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jimmy snipped-for-privacy@yahoo.com wrote:

It probably will be in your case. Most people fight nutsedge in lawns or gardens so round up usually isn't the tool of choice along with it is a tough weed to kill with many other weed killers (can't say I have ever tried round up on nutsedge). There are a couple of products that work well for nutsedge called Image and Manage but they would be costly for using it just for a small patio.
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I went to the local Homedepot and bought a gallon of a "new flavor" of roundup called Entended Protection. I cost about $19 (I think it is a stronger version). I applied to ALL gaps along the bricks. For few days now I have not seen any young weed emerged !!! . According the the product label, it should control upto 4 months. I am keeping my finger cross now and hope this works, even though it is not a cheap way to do.
JIMMY

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I am really struggle how to "permanently" eliminate this type of weed on my brick patio. Using the weed killer called ROUNDUP does not really work --- it only makes some of the leaves turned yellow, and then the young ones come back in a day or so.
What is interesting is that I actually put some landscape fabric on before we laid the bricks. It sounds like the grass pokes thru the fabric !
Please see the image on the link below:
http://tinypic.com/537zqsm.jpg
http://tinypic.com/6767nl1.jpg
Does anybody in this forum know a better way to solve the problem?
Thanks in advance
JIMMY
----------------------------------------------------------
Roundup worked for me for about 2 months. Used 2 applications as the Bermuda grass was being stubborn. Followed directions, including sunny warm day criteria. Location: gravel driveway. 4" sub-base, and compressed. Local weeds are beginning its takeover, Bermuda grass is still brown.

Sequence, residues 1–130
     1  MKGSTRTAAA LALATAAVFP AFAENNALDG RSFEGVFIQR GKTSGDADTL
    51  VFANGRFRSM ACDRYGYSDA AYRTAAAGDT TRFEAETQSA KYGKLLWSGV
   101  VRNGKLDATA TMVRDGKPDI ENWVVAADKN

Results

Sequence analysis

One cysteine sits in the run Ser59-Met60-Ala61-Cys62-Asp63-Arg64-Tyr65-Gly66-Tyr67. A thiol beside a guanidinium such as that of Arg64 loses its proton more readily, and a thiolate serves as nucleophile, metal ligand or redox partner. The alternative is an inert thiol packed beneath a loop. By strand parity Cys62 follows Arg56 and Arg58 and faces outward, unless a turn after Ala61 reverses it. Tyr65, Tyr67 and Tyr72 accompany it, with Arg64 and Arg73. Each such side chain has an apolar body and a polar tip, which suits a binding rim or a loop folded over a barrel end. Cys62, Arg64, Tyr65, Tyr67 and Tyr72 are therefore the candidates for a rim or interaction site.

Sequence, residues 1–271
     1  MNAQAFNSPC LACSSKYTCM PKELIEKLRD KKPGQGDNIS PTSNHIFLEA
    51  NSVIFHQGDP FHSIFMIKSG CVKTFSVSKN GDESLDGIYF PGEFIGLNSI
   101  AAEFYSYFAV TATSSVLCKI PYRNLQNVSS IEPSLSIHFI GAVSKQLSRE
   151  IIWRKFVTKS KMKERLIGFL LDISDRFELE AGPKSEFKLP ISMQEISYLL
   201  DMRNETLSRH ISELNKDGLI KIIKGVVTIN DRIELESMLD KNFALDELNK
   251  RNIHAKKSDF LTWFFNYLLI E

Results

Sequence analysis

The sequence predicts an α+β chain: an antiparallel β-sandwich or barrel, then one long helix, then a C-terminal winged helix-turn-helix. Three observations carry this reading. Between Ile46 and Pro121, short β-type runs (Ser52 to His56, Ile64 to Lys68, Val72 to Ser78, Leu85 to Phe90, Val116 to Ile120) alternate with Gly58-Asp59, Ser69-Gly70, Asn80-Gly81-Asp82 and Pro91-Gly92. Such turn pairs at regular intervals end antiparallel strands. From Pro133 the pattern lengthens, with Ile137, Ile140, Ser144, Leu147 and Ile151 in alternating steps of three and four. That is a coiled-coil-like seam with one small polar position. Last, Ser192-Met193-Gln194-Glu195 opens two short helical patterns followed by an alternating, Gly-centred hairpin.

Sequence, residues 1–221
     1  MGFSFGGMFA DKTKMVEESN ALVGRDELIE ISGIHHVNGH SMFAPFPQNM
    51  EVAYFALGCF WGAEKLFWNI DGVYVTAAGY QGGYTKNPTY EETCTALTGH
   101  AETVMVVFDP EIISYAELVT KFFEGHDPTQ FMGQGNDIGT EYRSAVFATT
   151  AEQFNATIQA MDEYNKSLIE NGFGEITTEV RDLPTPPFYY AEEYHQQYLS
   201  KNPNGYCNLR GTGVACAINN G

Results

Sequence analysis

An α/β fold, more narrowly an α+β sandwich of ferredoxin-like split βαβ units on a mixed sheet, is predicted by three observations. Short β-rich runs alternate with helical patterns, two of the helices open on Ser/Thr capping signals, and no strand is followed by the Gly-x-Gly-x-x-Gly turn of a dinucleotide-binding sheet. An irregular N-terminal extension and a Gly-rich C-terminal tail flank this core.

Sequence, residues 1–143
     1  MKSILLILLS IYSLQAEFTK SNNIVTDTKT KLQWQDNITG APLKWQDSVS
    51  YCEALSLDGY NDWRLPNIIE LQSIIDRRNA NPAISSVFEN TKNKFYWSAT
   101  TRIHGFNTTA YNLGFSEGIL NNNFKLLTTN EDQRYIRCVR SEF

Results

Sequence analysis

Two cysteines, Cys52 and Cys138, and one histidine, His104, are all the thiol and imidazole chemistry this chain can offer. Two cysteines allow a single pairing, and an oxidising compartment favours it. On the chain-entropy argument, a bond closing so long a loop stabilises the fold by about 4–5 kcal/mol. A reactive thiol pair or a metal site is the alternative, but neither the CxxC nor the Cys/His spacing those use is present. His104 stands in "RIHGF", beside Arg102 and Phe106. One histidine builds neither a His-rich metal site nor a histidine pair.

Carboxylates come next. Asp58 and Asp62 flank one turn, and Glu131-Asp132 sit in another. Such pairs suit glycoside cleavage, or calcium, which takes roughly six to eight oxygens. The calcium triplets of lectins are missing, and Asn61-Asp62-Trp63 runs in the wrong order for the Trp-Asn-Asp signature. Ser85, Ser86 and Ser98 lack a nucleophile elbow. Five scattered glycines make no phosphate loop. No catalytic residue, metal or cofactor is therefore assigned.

Dave
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Someone thought it might be a nut sedge. Here is a rhyme for you to be sure. Sedges have edges, rushes are round. Nut sedges are sorta triangular and have edges. Pick a leaf and feel the leaf to see if it has any edges. If it does you will see what I mean right away. You should try to pull up as much of a plant as you can and take it to your local greenhouse or garden center and ask for help. Don't go to a department store. They don't know what they are doing there! A prety sugestion for you to do could be to pull out all you can then plant creeping tyme.It does'nt mind being walked on and looks/smells good. Also, if your patio is shaded you could grow moss in the cracks. Collect some moss in the woods thats on rocks and break it apart into little pieces. Get some whole milk and let it get real sour. Mix the moss and sour milk in the milk jug and shake real good. I like to let it set over night. In the morning pour the mixture in a pail and paint it in the cracks being sure you get moss in the cracks. Some people say to put the mix in the blender but I don't. Once a month or so feed your moss sour whole milk till you see it growing. It really looks nice once it gets growing. The sour milk does smell. Hope I helped. Eddie
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Just noticed this message; goes back a way; you may have solved your problem.
In case not, I suggest pouring boiling water on the weeds. They'll turn yellow and die with a few days, and -- in my experience -- will not come back.
Be carefully handling the H2O.
Persephone.
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hello m8 ive just joined and i am a profesional block paver by the loo
of the photo the joints havent been filled with kiln dried sand thi realy needs to be added as it prevents any seeds etc. getting into th joints that act like a breeding ground . ithink i would sweep som sodium chlorite into the joints first then add the kiln died sand i possible run a compactor plate over the area before its swept off a this vibrates the sand into the joints if not just sweep it in bu leave some on top a let the rain wash it down into the joints hope i helps
-- dave n cally